9 years ago
Chi Omega House


Happiness, energy and motivation can be attributed to our home environment – whether we are in our forever house or just passing through – like at college. These elements of lifestyle were addressed a year ago at the Chi Omega sorority house at Virginia Tech.

The building on Oak Lane in the university’s Special Purpose Housing belongs to Virginia Tech. “We pay a fee to use the structure and provide 30 room and board fees for students who live there. The university hires a residential advisor who also lives in the building,” explains Cynthia Sterrett, president of the House Corporation Board and the original advisor. “We are responsible for decorating and anything else we want like air conditioning, landscaping, upgraded interior features or a gazebo.”

When the local chapter was chartered in 1987, it rented space for a couple years before buying a house on N. Main St. “We gutted and renovated it for 21 women and sold it nine years later,” Sterrett says. “All the women’s groups were moving to the Special Purpose Housing, so we came into phase 3 of the project in 2001. More than 10 years later, the inside was decidedly showing the wear and tear.”

Interior designer Edith-Anne Duncan was hired to renovate the inside for a stylish look, functional appeal and attractive furnishings. “The space is used for a variety of events.” says Duncan. “I developed a survey with three proposed schemes which was handed out to the chapter membership – more than 130 women. Each one voted for her favorite, so I went with the scheme that was most popular, then incorporated some choices from the other two designs.”

From the input, Duncan studied the functions and flow, factored in the organization’s colors – cardinal and straw – and considered the residents – young, contemporary women of strong character. “The space was beautiful, even dramatic, if a bit dreary from the years,” she recalls. “The furniture had to be comfortable and easy to move for events or meetings. The sorority colors lend themselves to warmth, and new side panel drapes soften and frame the natural light.”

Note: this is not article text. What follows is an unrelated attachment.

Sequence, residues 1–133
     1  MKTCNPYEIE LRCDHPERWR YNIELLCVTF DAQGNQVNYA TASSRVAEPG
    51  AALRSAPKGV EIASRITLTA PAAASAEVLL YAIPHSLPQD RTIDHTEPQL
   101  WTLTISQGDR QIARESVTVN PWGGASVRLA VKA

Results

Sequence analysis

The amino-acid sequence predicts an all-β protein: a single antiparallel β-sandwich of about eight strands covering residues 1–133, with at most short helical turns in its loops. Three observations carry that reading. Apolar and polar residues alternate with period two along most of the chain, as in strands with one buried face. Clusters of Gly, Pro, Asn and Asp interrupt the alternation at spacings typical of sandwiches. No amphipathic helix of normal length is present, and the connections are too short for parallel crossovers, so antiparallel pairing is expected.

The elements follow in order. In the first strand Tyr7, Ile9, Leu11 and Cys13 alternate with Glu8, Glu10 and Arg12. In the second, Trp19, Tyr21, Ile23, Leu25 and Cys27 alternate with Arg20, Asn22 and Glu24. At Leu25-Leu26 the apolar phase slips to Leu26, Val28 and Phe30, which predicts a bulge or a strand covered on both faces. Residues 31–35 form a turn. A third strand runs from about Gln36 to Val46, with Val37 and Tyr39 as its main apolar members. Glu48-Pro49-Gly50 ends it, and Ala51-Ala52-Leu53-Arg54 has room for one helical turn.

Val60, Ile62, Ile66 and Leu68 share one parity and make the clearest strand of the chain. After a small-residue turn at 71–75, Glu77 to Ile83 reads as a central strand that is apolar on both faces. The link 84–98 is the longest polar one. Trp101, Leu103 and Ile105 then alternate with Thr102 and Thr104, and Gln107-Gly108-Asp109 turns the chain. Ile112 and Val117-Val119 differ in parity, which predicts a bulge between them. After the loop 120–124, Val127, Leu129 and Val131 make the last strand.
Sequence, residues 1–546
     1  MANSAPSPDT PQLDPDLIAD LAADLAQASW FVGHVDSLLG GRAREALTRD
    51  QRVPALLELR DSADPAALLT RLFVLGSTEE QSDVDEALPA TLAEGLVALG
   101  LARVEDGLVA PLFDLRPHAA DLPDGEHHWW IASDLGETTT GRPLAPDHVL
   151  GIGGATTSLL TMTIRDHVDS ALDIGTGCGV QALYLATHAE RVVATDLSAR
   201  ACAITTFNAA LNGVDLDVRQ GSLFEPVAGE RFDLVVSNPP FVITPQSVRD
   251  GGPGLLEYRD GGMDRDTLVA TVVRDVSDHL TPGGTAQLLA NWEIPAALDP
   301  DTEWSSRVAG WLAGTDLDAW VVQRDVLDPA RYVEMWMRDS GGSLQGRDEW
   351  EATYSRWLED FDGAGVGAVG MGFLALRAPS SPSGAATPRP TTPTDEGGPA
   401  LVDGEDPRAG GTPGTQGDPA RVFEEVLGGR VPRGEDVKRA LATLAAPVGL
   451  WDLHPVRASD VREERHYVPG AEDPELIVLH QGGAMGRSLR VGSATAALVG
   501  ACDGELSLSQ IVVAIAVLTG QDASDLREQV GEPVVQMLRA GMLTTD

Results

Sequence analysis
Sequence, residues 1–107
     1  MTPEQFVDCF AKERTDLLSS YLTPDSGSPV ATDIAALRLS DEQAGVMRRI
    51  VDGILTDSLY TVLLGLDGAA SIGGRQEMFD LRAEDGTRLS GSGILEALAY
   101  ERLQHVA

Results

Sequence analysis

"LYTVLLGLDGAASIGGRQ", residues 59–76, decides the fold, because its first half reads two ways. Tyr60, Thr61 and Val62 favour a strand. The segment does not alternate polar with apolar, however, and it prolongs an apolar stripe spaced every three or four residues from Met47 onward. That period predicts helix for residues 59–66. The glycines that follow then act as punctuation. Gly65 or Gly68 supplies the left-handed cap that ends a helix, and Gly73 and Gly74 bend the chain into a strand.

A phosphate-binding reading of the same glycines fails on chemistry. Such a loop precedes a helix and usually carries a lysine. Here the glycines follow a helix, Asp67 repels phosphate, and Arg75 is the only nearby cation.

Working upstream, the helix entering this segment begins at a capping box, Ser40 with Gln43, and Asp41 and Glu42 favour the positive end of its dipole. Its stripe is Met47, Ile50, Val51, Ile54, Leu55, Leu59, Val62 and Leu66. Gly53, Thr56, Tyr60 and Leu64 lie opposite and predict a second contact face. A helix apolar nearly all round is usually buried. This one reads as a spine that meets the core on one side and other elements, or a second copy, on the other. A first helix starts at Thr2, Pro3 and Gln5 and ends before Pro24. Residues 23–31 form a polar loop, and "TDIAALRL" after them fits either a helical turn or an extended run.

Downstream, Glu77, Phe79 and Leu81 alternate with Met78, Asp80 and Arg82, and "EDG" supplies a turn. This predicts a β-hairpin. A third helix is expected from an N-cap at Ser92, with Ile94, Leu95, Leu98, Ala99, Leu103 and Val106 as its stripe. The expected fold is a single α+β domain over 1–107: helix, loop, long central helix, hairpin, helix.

Stepping into the Chi Omega house today is akin to entering a 5-diamond hotel lobby. A soaring ceiling height dictated that the drapes and plantation blinds be an impressive 35 feet tall. The floral arrangement was created by a Giles County woman, and a couple of soft chairs make this a nice resting spot of its own. Above a hall table is the current membership photo composite which moves down the hall each year for a new one.

The final result in the Cynthia Sterrett Chapter Room is stunning. Three red couches with ¾-inch, pewter rivets provide a central style statement, supported with cozy, easy chairs and a generous amount of accent pillows in complementary colors and textures. The trophy cases along the back wall, which is a red accent wall anchored with gold walls on either side and at the front, showcase the recognition Chi Omega receives in academics, philanthropy and athletics.

The Lounge Room is a bright, whimsical, happy combination of lime green, turquoise, bright pink (like fuchsia) and pale yellow. One wall is painted in wide stripes of these four colors, and the furnishings incorporate all four colors in different places. Lime green soft chairs. Turquoise end tables. Fuchsia color couches. Pale yellow walls. It is all inspired by Lilly Pulitzer, a favorite of Duncan’s. It is certainly a cheerful spot to do homework, write papers and read assignments.

The Chi Omega house is a delightful place that exudes happiness, energy and motivation where these young women can fulfill the purposes for which Chi Omega exists:
~ commitment to personal integrity;
~ excellence in academics;
~ intergenerational participation;
~ community service;
~ leadership opportunities;
~ social enrichment.

By Joanne M. Anderson
Photos by Laura’s Focus Photography

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